How to effectively track your financial goals

December 4, 2011


Personal finance is a lot like working out. In order to see results, you need to be consistent. Also, just like physical fitness, it is important to have an idea of where you are and where you want to go. Having a long-term financial goal on a simple spreadsheet can help motivate you and provide a snapshot, year-to-year, of whether or not you are on track.

In order to show how this works in real life, I’ve shown an example of the tracker that I am currently using to map my goal of being a millionaire before the age of 40. If you have a hard time seeing it, simply click on the image to get a larger view. It only takes a few minutes to set up in Excel and is an extremely valuable personal financial tool. As you can see, my tracker is broken down into goals (highlighted in green) and my actual investment values (highlighted in yellow). On the right side, my savings breakdown shows the three accounts that I regularly put money in (Thrift Savings Plan (401K), Roth IRA, and my taxable account).  Once you’ve decided what you can realistically save in these accounts, the value(s) can be linked to the contribution values shown in Column B. In this example, I plan on increasing my contribution by approximately 3% each year, although if I get a promotion I can increase the amount by more (assuming that my standard of living remains the same). We also have to make an assumption on what the stock market will return in the coming years. Warren Buffet has stated that he expects the market to return approximately 7% in the long run. So each year’s goal value is based on (previous year’s balance * 1.07) + current year contribution.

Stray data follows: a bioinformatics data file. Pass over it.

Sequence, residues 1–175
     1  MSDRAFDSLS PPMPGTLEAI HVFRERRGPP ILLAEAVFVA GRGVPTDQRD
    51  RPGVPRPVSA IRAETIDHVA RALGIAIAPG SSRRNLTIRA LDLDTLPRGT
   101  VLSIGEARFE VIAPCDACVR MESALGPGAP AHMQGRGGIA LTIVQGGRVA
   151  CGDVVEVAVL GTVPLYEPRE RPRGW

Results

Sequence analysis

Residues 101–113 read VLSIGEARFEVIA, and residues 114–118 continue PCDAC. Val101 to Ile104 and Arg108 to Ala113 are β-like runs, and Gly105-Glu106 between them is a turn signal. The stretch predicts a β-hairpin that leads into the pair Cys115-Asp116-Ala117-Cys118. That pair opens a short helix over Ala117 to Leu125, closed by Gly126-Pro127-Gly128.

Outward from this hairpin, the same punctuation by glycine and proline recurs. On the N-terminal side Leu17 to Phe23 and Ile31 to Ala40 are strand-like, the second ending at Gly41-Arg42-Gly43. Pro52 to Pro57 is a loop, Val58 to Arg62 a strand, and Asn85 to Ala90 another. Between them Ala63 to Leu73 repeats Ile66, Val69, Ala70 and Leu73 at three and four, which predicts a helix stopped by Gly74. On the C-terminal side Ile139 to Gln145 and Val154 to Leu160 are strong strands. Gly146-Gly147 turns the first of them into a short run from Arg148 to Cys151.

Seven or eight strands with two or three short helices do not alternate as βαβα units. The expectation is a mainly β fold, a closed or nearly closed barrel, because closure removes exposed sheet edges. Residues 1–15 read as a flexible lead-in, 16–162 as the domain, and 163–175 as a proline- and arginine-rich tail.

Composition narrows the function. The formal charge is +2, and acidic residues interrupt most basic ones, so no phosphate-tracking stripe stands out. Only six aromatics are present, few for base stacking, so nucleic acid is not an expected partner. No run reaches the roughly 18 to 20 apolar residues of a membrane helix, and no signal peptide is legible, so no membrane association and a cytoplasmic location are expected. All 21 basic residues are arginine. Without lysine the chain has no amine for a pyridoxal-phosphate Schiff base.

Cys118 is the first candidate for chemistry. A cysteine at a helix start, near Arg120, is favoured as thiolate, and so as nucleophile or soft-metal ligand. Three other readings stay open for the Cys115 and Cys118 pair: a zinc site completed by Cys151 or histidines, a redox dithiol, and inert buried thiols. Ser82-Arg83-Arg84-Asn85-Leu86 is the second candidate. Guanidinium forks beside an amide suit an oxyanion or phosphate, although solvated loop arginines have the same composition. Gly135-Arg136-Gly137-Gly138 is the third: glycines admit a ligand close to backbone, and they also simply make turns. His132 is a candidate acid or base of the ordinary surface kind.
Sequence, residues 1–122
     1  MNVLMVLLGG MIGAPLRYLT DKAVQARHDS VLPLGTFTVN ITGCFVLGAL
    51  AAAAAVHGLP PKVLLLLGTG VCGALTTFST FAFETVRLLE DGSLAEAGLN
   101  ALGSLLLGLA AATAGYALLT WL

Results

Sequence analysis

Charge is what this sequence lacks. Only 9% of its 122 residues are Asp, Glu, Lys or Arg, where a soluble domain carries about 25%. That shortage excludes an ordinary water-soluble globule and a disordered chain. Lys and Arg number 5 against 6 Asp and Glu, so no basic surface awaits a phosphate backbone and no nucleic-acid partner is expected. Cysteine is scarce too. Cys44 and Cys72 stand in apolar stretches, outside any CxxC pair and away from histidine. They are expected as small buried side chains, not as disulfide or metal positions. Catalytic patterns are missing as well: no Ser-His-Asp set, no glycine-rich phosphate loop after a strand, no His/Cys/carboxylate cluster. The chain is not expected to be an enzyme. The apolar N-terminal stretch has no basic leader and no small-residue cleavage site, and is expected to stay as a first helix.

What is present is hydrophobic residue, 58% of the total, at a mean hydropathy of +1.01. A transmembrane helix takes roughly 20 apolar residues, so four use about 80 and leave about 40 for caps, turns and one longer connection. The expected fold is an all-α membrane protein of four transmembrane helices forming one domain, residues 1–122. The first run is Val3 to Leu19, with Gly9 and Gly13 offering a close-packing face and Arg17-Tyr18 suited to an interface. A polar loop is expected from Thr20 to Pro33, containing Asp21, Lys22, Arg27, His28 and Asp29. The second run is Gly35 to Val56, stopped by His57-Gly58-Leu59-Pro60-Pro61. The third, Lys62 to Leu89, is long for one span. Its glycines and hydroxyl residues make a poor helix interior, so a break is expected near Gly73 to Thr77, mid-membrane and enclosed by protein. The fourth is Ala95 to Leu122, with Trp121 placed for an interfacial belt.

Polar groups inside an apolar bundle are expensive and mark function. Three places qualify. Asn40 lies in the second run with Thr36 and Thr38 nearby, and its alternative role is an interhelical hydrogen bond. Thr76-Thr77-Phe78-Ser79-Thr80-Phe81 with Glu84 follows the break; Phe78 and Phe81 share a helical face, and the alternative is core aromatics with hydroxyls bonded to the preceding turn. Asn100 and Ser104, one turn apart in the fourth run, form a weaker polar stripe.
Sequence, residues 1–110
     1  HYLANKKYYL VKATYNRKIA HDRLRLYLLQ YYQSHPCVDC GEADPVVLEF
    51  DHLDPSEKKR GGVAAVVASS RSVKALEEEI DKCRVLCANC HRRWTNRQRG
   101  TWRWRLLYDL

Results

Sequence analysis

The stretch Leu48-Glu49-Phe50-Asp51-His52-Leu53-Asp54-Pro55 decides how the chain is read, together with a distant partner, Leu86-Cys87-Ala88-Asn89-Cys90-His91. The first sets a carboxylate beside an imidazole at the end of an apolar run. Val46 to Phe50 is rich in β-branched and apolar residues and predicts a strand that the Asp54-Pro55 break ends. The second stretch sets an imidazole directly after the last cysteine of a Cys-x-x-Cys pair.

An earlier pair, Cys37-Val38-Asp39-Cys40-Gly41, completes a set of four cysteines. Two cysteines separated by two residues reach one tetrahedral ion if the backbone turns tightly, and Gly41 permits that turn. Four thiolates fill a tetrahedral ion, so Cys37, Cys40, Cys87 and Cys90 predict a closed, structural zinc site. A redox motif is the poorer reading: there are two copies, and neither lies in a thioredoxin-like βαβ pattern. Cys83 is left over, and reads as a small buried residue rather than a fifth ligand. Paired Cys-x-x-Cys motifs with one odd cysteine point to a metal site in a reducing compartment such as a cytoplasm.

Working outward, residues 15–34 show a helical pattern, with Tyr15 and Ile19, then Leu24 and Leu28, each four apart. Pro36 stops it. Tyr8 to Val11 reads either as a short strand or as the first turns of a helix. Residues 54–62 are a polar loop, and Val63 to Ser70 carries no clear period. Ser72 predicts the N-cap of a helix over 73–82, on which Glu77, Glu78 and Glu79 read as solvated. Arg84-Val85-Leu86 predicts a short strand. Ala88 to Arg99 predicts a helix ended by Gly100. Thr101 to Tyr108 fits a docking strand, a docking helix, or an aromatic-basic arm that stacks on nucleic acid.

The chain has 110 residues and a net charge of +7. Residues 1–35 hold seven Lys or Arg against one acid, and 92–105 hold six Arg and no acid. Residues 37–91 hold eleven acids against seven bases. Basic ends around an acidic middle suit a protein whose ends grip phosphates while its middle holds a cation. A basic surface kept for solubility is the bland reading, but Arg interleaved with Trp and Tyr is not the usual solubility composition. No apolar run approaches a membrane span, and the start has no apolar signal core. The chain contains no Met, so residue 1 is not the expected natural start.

The reason I have my net worth broken down into total net worth and taxable account is because the money in my TSP and Roth IRA won’t be touched until I’m much older. Since I plan on retiring in my 40s, this only leaves me with access to my taxable account until I’m 59.5. Although there are ways of getting money out of these accounts without incurring a penalty, it is best to leave your money in there as long as possible to let it grow. It is always a good idea to deplete the taxable account before touching your tax deferred accounts.

Once you have all the values plugged in, you can play with the amounts and see how additional contributions will affect your overall net worth. If you also have an understanding of your expenses, you can pinpoint the exact point in which you will have achieved financial independence if you assume a 3-4% safe withdrawal rate. The good thing about this tracker is that it will remind you of what you are saving for month-to-month, year-to-year. Once you have determined what you need to achieve financial independence, you only need to input actual contribution amounts and values at the end of each year and compare it to your goals. If you come out behind due to a weak stock market year or haven’t hit your savings goals for one reason or another, you can adjust the calculations to reflect how much more you need to save in order to get back on schedule. For a copy of the spreadsheet and calculations, you can download the Excel file in the link below.

Financial Goals


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